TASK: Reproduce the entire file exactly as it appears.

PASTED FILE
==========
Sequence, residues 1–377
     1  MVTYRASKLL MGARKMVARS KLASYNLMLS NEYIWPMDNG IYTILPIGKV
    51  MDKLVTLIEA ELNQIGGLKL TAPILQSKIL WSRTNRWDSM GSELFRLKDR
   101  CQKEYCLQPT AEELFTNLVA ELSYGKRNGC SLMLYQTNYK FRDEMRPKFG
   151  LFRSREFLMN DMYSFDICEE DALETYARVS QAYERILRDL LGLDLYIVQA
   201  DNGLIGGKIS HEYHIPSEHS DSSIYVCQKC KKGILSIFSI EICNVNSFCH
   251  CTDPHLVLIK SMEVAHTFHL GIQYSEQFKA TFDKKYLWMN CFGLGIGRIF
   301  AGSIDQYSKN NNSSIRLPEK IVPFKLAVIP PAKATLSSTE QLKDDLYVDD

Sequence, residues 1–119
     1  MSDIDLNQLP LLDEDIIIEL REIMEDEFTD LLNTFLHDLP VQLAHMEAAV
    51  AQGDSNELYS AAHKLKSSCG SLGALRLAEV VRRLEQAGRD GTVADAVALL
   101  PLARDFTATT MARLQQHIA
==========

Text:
Sequence, residues 1–377
     1  MVTYRASKLL MGARKMVARS KLASYNLMLS NEYIWPMDNG IYTILPIGKV
    51  MDKLVTLIEA ELNQIGGLKL TAPILQSKIL WSRTNRWDSM GSELFRLKDR
   101  CQKEYCLQPT AEELFTNLVA ELSYGKRNGC SLMLYQTNYK FRDEMRPKFG
   151  LFRSREFLMN DMYSFDICEE DALETYARVS QAYERILRDL LGLDLYIVQA
   201  DNGLIGGKIS HEYHIPSEHS DSSIYVCQKC KKGILSIFSI EICNVNSFCH
   251  CTDPHLVLIK SMEVAHTFHL GIQYSEQFKA TFDKKYLWMN CFGLGIGRIF
   301  AGSIDQYSKN NNSSIRLPEK IVPFKLAVIP PAKATLSSTE QLKDDLYVDD

Sequence, residues 1–119
     1  MSDIDLNQLP LLDEDIIIEL REIMEDEFTD LLNTFLHDLP VQLAHMEAAV
    51  AQGDSNELYS AAHKLKSSCG SLGALRLAEV VRRLEQAGRD GTVADAVALL
   101  PLARDFTATT MARLQQHIA